0 - 200 First Settlement The first ancestors of the Hawaiian race arrive in Hawaiʻi Pae ʻAina
593 Birthing of Islands Time of Papahānaumoku and her mate Wākea: Hawaiʻi and Maui are born followed by the wahine Hoʻohōkūkalani
630 ʻAikapu Wākea creates the ʻaikapu ritually separating men and women from eating together and during a womanʻs menses. Observing the ʻaikapu allows Wākea the opportunity to mate with Hoʻohōkūkalani and begins the practice of nīʻaupio mating among the aliʻi
634 Hāloanaka is born Hāloa is born to Wākea and Hoʻohōkūkalani
634-828 The Piʻo chiefs Generation after generation of aliʻi nui are born to closely related parents, often siblings
828 Nanaʻulu and Ulu are born, descendents of Papa and Wākea Two major chiefly lines are established at this point, with the Nanaʻulu lineage associated with Oʻahu, Kauaʻi and Niʻihau and ʻUlu chiefs with Hawaiʻi and Maui islands
1194 Birth of Māweke Māweke: great ruling chief on Oʻahu and voyager. Māweke's descendents would rule Oʻahu virtually as a dynasty until the time of Kahekiliahumanu
1219 Birth of Moikeha Closing the age of great voyages between Hawaiʻi and Tahiti
1444 Birth of Māʻilikūkahi The institution of ahupuaʻa on Oʻahu
1492* Cristobal Colon crosses the Atlantic Christopher Columbus lands on the island of Hispaniola  discovering the New World for 15th century Europe
1519 Birth of Kukaniloko Ushers in  of series of female  Mōʻī on Oʻahu
1544 Birth of Kalanimauluaia  
1544 Birth of Kanehoalani  
1594 Birth of Kakuihewa Oʻahu

Slavery introduced to the Colony of Virginia.

1636*   Harvard College founded.
1694 Birth of Kualii A powerful Oʻahu Aliʻi Nui who strengthened the authority of the Mōʻī and defended the island from invasion
1695 The Kumulipo is chanted Approximate birth year of Kalaninuiʻīamamao, son of Keawe and father of Kalaniōpuʻu. Birth chant traces his ancestry to the beginning of life
1713 Birth of Kahekili This descendent of the renown Maui chief Piʻilani would become the greatest warrior chief before Kamehameha
1753 Birth of Kamehameha I Earliest estimated year of his birth
1737 The Peace at Nāonealaʻa After beginning attacks on Māui and Molokaʻi, Alapaʻi Nui, Hawaiʻi Mōʻī from Kohala agrees to end his invasion of Oʻahu in a parley with Kauaʻi Mōʻī Peleiōholani
1754 Alapaʻi Nui dies on Hawaiʻi island Ends a period of political stability with long standing dynasties of ruling Mōʻī controlling the major islands
1759 Kalaniʻōpuʻu takes Kauwiki on Maui Begins a 20 year warfare between Hawaiʻi and Maui Aliʻi
1766 Kahekiliahumanu becomes Mōʻī of Maui The death of Kamehameha Nui leads to the ascent of his brother Kahekili. One of Kamehameha Nui's widows Nāmahana takes up with Hawaiʻi island chief Keʻeaumoku. The high chiefess Kaʻahumanu is born to them in 1768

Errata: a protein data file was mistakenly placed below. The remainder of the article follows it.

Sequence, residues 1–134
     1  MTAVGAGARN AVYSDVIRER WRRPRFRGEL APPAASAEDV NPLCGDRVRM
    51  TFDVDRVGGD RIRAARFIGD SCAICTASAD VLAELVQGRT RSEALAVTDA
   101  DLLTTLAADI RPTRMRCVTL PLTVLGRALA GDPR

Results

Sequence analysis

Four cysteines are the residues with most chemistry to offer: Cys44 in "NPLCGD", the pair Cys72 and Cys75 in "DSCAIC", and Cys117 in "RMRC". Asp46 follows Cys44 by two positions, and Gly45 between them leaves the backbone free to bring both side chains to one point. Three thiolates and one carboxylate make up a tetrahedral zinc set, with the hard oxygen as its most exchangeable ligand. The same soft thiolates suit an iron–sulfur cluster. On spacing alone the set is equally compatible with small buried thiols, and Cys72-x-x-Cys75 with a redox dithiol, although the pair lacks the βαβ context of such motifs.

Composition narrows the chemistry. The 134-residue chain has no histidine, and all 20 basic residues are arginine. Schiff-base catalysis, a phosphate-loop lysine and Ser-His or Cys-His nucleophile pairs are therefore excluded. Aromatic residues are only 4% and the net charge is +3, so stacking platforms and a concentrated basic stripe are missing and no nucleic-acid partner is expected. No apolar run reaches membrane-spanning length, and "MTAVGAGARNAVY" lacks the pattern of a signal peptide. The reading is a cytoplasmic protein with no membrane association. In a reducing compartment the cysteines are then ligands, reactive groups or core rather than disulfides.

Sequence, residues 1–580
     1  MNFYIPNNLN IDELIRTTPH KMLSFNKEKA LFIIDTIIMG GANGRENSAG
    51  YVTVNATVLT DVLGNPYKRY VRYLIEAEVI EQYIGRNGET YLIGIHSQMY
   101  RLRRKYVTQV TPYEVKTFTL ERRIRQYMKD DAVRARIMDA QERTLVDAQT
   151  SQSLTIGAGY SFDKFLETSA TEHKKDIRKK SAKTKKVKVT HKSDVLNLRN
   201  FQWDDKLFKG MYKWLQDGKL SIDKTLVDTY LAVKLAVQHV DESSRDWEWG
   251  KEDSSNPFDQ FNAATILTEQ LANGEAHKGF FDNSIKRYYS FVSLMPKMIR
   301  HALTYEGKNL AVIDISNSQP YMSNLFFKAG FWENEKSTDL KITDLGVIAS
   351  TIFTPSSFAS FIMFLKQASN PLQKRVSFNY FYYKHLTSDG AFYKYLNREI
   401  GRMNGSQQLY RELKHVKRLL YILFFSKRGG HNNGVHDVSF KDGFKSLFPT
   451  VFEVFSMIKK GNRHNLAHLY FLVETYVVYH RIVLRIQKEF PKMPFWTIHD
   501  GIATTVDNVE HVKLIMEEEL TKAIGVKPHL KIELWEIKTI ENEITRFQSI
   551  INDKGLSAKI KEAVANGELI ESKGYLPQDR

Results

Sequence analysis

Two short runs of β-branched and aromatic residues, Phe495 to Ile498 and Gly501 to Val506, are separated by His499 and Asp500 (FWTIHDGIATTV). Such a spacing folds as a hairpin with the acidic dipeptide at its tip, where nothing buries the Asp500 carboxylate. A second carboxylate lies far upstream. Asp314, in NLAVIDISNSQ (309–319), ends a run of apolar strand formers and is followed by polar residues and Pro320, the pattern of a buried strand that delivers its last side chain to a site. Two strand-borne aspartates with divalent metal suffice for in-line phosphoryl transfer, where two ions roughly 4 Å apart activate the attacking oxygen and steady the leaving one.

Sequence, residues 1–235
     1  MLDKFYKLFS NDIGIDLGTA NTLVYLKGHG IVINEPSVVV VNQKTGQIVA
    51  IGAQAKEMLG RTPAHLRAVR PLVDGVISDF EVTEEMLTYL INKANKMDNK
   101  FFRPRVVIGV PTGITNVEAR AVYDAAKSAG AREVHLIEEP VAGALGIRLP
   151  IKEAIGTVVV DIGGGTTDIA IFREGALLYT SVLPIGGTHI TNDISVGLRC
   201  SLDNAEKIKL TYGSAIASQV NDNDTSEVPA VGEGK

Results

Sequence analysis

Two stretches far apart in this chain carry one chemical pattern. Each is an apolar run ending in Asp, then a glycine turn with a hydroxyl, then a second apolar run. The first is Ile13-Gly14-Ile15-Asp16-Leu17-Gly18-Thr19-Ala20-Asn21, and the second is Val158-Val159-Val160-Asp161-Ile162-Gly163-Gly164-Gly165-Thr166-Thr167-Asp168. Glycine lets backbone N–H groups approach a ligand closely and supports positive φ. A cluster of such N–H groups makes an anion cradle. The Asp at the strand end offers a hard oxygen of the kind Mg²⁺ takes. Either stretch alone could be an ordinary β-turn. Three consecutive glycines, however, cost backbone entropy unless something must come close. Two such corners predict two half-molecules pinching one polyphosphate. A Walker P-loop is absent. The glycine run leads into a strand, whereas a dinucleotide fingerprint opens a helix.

1768-1771* Cook takes first “discovery” through south pacific  

Boston Massacre (March 5)

1773* Boston Tea Party (December 16)  
1775 Kahekili defeats Kalaniʻōpuʻu at Kalaeokaʻīlio. Kalaniʻōpuʻu loses his fort on Maui and begins preparation of a larger invasion. Kamehameha earns reputation as a fierce warrior
1776 Ahulau ka Piʻipiʻi i Kakanilua Kalaniʻōpuʻu's invasion of Maui is thoroughly defeated by Kahekiliʻs ambush and Kalaniʻopuʻu is forced to beg for his life
Jan. 20, 1778 Cook and Clerke anchor at Waimea  
1778 Keōpūolani is born  
Feb.14, 1779 Battle in Kealakekua. Kanaka and James Cook killed  
1780 Final Campaigns of Kalaniʻōpuʻu 1780—Kalani‘ōpu‘u, the ruler of the island of Hawai‘i, meets with chiefs in Waipi‘o Valley, telling them that, that after he dies: his oldest son, Kīwala‘ō will be the new ruler of Hawai‘i Island; his; and Kamehameha will also be given guardianship of the family’s feathered war god,. This action by Kamehameha causes controversy and leads to a rift between Kīwala‘ō Kauikeaouli [Kīwala‘ō Kauikeouli] and Kamehameha, who then returns to Kohala.

1782 Battle of Mokuʻōhai Kamehameha, aided by Hawaiʻi island Aliʻi nui defeats Kīwalaʻō and begins a decade long struggle for primacy on Hawaiʻi island with rival Mōʻī, Keawemaʻuhili and Keoua Kūʻahuʻula
1783* The Treaty of Paris (1783) ends the American Revolutionary War (September 3)

1783 Kahekili invades Oʻahu Kahekili dupes his nephew Kahahana, Mōʻī of Oʻahu into killing his Kahuna nui, opening the island to conquest
1785 Kimo Pō (Night of the assassins) Following the slaying of Kahahana, Oʻahu and some Maui Aliʻi rebel against Kahekili on Oʻahu. Kahekili puts down the rebellion and slaughters the Oʻahu chiefly families. Kahekili controls Maui, Molokaʻi and Oʻahu
1787* Constitutional Convention in Philadelphia  
1789 Hawai'i becomes a standard port of call By this date, traders and explorers from America and Europe are making the Hawaiian Islands a standard port of call for provisions and rest
1790 Kēpaniwai The Battle of Kepaniwai—Kamehameha Invades Maui with perhaps the largest invasion force (16,000) in history. Defeats Kalanikūpule at Iao valley.
1790 The Olowalu Massacre The Eleanora under the command of Simon Metcalf opens fire on unarmed Kanaka at Oluwalu, killing dozens. Metcalfʻs son Thomas is later murdered by Hawaiʻi chief  Kameʻeiamoku and his ship The Fair American  becomes a ship of war for Kamehameha
1791 Sandalwood trade begins “discovery” of Sandalwood in Hawaiʻi attributed to China Trader John Kendrick
1791* Bill of Rights ratified (see ratification timeline)  
1792 Birth of Ōpūkahaʻia Orphaned by the wars on Hawaiʻi island, he would eventually be responsible for bringing the ABCFM mission and literacy to Hawaiʻi
1794 Death of Kahekili Kamehameha apparently delayed his invasion of Oʻahu until the old chief had passed reinforcing the belief that Kahekili was his true parent
1795 Birth of David Malo 19th century convert, author, advisor to Kaʻahumanu and member of the first legislature, Malo led a petition drive from Lāhaina to demand that foreigners not be given land or government offices
1795 Battle of Nu'uanu Kamehameha invades Oʻahu, landing at Waikikī with more than 12,000 warriors
1797 Birth of Liholiho (Kamehameha II)  
1797 Kānāwai Mamalahoa Kamehamehas's oft-cited kauoha directing that people may not be molested in their homes or on their travels. Ends the reprisals against Kamehameha's opponents by his own warriors
1798* United States presidential election, 1789  
1804 Maʻi ʻōkuʻu Many thousands die in an epidemic, possibly cholera, which strikes Oʻahu and causes Kamehameha to call off an invasion of Kauaʻi
1804 Death of the Kuhina Nui Kamehameha's chief councilor Keʻeaumoku passes after advising Kamehameha to appoint Kaʻahumanu as his successor